Not having ''watched'' a '62 Rite High Mass from the Congregation for some time now, I forgot how untidy it is, and how, on certain points, it looks entirely meaningless. To give just two examples - the Epistle and Gospel. The Celebrant of High Mass, according to the rubrics of '62, reads neither (nor any other lesson, I wonder what an Ember Day would be like!), but retires to the Sedilia for the Epistle with the Deacon (since neither have a liturgical function at these points), returning to bless the Subdeacon, who transfers the Missal (again, to what purpose is this? Since the Celebrant no longer reads the Gospel, it won't be needed until the Offertory!), and stands at the Epistle corner for the Gospel. If the conduct of the Ministers and Servers is not reckoned to a nicety, it just looks awful, with people getting in each other's way etc.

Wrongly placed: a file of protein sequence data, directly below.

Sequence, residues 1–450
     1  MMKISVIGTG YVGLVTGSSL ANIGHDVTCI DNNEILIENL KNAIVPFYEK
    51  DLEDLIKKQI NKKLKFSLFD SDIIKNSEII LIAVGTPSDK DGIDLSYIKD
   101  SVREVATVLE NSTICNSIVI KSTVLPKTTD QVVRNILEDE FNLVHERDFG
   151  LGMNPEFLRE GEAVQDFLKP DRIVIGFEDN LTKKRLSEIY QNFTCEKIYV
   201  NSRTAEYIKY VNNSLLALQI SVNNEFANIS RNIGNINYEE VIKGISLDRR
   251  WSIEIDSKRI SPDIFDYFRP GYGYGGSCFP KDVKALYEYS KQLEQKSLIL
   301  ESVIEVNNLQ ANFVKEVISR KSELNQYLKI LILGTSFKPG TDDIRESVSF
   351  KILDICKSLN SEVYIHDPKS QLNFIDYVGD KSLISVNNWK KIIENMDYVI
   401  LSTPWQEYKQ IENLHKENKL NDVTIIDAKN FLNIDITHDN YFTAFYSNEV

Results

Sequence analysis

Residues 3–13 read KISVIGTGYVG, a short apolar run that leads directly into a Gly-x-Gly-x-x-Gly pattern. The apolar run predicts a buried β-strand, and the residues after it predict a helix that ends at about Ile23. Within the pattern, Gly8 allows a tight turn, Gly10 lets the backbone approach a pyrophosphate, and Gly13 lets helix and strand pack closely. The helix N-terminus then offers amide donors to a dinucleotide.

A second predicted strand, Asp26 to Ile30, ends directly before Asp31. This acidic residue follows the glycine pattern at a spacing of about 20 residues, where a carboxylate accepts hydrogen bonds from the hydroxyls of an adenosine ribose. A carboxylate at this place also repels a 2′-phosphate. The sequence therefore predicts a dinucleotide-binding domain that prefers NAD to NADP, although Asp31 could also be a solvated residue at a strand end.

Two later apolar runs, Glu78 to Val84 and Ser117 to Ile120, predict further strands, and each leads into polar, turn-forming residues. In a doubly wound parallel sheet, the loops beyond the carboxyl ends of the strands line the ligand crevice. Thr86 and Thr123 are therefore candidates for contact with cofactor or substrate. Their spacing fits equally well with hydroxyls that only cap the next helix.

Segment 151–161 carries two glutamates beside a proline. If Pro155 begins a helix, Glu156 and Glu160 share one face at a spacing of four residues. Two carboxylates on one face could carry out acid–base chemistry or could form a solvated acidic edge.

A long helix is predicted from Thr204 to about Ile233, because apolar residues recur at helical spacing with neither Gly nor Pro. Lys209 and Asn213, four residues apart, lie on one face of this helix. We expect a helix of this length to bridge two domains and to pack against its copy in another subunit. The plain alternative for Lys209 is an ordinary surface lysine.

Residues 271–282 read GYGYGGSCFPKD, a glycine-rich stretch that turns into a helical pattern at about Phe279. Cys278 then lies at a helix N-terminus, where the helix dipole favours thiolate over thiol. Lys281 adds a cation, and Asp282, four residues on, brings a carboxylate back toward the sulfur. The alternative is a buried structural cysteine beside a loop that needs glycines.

I wonder to what extent this is reminiscent of the evolution of Low Mass? I am here referring to the ''laziness'' which seemed to be a part of it. If I remember rightly, Bugnini's justification for doing away with the parts of the Mass proper to the Celebrant at the Epistle and Gospel was that in the ''early church'' he didn't read them then. Even were this true, it is still a monstrous anachronism, and its purpose is plainly aliturgical, and, as Tolkien asked, since when was primitiveness any guarantee of value?

There are, of course, other examples of the liturgical ineptitude of '62, but I have not the skill to elaborate them. I leave that to readers. Suggestions in the comment box please! The above photo is, of course, of the Orc liturgist Bugnini, the Freemason who wrought the destruction of the Liturgy, and whose name, an interesting blogger recently picked up, calls to mind the Semitic god Ba'al. Do bearers of this name, by implication, promote idolatry I wonder!?